The Orpheus Industry

By Jennie Kermode

Rating: 4 stars

In a world where the Greek gods are real and walk amongst us, it’s dangerous to be noticed. Musician Oscar gets noticed and has to figure out how to survive when he ends up having Persephone fall for him and working for Apollo’s record label.

This is a fun and sexy book. Oscar is an engaging protagonist and his constant craving for Irn Bru and chips n’ curry sauce keeps the story grounded, despite the casual presence of gods and monsters. Speaking of gods and monsters, it’s definitely handy to keep a Greek mythology (or at least Wikipedia) nearby as a reference as not all those mentioned are household names.

The casual approach to sexuality, (hetero- and homo-) is a nice, and a subtle suggestion on how things might have been different if the major monotheistic religions had never gained their grip on the world.

Book details

ISBN: 9781554041756
Publisher: Double Dragon Publishing
Year of publication: 2004

Nicholas Parsons: With Just a Touch of Hesitation, Repetition and Deviation: My Life in Comedy

By Nicholas Parsons

Rating: 3 stars

Nicholas Parsons has had a pretty varied career, which he discusses in this memoir, from his early work while working as an apprentice in an engineering company in Glasgow, right up to his recent shows at the Edinburgh Festival Fringe. It’s a fun memoir, and Parsons rarely has a bad word to say about any of the many personalities that he’s worked with over the years. The worst he usually says is that A wasn’t quite as imaginative or fun as B.

I mostly know Parsons from his work on Just a Minute and there’s a whole chapter devoted to that, how it came about and reminiscences about players, present and past. He’s also done a lot of theatre and television work and is at pains to stress the degree of variety in his career, presumably to people who only know him from Just a Minute or Sale of the Century.

An enjoyably light read, that makes me curious to try and catch his Edinburgh Fringe show, but not one if you’re looking for salacious showbiz gossip.

Book details

ISBN: 9781845967123
Publisher: Mainstream Publishing
Year of publication: 1994

Have Space Suit-Will Travel

By Robert A. Heinlein

Rating: 3 stars

Clifford Russell wins a spacesuit in a competition (although he was actually aiming for a trip to the moon). He fixes it up, takes care of it, and eventually decides to sell it to pay for college. He takes it out for one last spin, accidentally gets kidnapped by aliens and eventually ends up pleading for the future of the Human race in an inter-galactic court.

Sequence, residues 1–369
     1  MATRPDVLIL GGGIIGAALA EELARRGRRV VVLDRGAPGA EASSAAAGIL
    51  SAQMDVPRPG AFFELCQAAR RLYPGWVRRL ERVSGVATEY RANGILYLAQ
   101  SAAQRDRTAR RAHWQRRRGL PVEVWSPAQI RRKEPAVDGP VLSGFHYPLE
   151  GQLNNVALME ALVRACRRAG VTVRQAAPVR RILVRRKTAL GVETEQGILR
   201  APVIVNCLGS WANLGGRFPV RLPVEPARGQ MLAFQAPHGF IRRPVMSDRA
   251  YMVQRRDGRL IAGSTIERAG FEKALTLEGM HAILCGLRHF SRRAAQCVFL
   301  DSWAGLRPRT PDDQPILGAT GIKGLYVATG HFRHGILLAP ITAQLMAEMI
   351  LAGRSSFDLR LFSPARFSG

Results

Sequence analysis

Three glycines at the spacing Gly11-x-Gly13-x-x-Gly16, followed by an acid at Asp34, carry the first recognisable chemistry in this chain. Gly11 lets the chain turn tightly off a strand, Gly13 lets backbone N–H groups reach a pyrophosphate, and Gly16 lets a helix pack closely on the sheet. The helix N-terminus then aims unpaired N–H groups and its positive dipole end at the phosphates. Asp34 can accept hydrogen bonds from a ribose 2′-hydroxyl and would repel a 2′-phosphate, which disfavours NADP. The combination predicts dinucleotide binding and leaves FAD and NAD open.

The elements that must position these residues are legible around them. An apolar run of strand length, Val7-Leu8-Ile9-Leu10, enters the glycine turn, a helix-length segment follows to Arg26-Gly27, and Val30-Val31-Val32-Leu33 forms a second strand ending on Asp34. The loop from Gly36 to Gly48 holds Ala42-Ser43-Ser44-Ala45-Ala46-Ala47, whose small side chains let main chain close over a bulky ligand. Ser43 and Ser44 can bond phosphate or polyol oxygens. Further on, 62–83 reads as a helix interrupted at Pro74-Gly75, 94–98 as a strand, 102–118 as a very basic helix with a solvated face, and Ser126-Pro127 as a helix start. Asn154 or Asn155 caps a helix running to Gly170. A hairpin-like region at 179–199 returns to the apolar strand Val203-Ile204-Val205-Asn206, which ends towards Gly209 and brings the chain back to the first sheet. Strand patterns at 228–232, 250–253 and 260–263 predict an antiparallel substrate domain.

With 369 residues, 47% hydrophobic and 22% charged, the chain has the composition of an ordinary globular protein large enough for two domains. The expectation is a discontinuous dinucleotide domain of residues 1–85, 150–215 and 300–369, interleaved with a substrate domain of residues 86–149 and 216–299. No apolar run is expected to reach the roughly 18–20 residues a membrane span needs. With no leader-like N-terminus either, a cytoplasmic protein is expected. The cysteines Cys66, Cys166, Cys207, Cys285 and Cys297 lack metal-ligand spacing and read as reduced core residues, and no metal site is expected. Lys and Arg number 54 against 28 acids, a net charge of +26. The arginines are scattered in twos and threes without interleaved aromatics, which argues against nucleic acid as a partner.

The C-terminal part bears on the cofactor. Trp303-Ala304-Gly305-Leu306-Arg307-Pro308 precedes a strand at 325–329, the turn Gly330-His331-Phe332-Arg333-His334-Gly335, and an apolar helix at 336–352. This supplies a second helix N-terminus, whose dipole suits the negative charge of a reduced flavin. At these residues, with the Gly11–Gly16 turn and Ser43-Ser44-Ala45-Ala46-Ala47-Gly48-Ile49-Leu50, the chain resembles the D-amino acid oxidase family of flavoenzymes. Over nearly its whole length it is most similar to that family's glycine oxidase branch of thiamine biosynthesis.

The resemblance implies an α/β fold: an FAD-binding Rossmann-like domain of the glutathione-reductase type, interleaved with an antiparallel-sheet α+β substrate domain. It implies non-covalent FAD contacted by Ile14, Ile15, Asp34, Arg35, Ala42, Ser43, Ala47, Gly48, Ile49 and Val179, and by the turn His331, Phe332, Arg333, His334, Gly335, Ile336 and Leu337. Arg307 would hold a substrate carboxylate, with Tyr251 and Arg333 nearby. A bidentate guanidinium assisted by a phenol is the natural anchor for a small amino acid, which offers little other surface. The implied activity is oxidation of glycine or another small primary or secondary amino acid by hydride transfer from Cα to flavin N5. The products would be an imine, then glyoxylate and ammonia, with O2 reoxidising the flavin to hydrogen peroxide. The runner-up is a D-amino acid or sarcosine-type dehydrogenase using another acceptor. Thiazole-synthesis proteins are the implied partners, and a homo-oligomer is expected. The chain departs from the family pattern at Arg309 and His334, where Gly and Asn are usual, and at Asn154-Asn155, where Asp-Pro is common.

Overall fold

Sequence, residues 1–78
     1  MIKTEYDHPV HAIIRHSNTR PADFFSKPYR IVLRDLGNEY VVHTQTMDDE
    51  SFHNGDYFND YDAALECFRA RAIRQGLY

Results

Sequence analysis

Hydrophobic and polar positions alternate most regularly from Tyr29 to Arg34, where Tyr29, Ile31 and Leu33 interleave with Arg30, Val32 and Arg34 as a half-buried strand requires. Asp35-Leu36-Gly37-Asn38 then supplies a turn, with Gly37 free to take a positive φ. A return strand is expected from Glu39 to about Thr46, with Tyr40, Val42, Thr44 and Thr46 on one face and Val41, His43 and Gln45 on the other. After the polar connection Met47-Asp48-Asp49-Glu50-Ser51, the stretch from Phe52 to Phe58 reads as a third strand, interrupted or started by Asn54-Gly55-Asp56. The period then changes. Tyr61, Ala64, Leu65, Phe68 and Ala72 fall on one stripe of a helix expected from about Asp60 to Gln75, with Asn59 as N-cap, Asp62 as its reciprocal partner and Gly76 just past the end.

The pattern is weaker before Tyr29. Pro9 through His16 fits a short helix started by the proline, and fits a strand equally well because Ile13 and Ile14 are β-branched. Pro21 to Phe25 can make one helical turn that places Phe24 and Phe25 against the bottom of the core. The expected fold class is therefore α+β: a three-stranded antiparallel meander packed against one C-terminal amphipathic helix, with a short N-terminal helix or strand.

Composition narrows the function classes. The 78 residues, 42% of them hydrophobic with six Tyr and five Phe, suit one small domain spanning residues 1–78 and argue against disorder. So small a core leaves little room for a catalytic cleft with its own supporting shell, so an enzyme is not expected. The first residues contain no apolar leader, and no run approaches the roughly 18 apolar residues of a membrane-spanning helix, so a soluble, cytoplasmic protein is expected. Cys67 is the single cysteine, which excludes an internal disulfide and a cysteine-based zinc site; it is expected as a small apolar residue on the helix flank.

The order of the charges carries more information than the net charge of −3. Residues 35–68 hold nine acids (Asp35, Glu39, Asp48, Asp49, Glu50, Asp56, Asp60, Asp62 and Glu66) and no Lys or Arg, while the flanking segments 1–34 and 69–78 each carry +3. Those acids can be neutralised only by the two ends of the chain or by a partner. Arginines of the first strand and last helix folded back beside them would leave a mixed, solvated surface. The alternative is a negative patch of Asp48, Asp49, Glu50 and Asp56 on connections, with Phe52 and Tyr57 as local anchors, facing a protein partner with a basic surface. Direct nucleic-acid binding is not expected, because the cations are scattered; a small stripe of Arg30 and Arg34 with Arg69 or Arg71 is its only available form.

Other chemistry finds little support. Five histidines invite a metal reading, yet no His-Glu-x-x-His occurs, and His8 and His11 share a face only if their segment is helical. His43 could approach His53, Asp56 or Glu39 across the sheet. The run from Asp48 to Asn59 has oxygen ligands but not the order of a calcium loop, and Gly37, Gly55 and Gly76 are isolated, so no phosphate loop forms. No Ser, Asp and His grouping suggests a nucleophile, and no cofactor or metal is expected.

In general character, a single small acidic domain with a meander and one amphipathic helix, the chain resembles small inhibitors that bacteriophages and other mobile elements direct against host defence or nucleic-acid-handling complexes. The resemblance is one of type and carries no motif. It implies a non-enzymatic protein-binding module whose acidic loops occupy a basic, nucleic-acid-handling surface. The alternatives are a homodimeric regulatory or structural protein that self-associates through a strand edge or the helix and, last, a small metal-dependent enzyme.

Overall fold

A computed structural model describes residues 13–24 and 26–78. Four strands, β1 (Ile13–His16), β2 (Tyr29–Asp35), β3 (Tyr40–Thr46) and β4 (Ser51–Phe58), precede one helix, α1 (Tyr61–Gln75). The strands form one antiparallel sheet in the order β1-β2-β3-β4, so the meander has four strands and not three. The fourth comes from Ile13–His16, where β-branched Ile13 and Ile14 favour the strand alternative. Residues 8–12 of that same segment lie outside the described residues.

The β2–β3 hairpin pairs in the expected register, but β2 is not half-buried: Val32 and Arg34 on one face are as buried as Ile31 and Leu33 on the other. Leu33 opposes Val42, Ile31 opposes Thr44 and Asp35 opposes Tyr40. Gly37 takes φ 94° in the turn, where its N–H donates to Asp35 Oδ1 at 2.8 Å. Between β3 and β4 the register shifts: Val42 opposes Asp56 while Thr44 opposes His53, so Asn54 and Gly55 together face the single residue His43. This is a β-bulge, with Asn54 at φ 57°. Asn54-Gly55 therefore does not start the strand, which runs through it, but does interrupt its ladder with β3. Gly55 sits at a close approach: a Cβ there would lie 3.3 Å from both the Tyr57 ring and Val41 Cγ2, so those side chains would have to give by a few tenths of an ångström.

I enjoyed the actual story in this book, Clifford’s tale of inter-stellar derring do, but this kept being interrupted by Heinlien’s politics, which are very near the surface in this book. The whole idea of the ├╝ber-competent hero who’s self-taught in everything from Latin to electronics, and despises the state education system leaves me cold. Also, while I can usually ignore attitudes to women in older books, it was harder to do here, although I’m not sure if that’s because I was already prone to finding faults.

So the story would get four stars, the politics two, so I’ll average it out with three.

Book details

ISBN: 0450038548
Publisher: New English Library
Year of publication: 1958


By Roberto Calasso, Tim Parks

Rating: 3 stars

This book is going to be difficult for me to review because it’s not what I was expecting or wanting. I was hoping for a book that would take me through some of the stories of Hindu mythology, an area in which my knowledge is woefully inadequate, being limited to hazy childhood memories. However, it turned out to be more a setting out of some of the principles of Hindu philosophy, using some of the stories to hang that on to. This is a noble aim in itself, but it’s not what I was looking for.

Taking the book in its own right then, there’s a lot of dense material here. Often you’ll find a short story or parable from one of the ancient texts, and then a large amount of philosophy hung off the back of that. I must confess that I did struggle a lot with that, and a lot went sailing over my head. Difficult, dense, but probably rewarding, if you were willing to put more effort into it than I was.

Book details

ISBN: 9780099750710
Publisher: Random House
Year of publication: 1996

Men at Arms (Discworld, #15)

By Terry Pratchett

Rating: 5 stars

The City Watch of Ankh-Morpork has just twenty-four hours to deal with mystery assassinations in the city and minority representation in the Watch.

This was one of the first Discworld books that I ever read and it remains one of my favourite. Full of wonderful language, characters that you grow to care about and the humour that made Pratchett’s name, I highly recommend this book.

Book details

ISBN: 9780552140287
Publisher: Corgi
Year of publication: 1993

Batman: Whatever Happened To The Caped Crusader?

By Neil Gaiman

Rating: 4 stars

This is an odd little story which tells of the death, or rather deaths, of Batman, in the words of his closest friends and enemies. Gaiman manages to include a mystery and some mysticism into his tight script and the art matches it well. Short and pretty sweet, this is definitely worth a read.

It also comes with some original sketches for the story and some short pieces set in the Batman universe in which the Caped Crusader himself only tangentially appears.

Book details

ISBN: 9781848563926
Publisher: Titan Publishing Company
Year of publication: 2009

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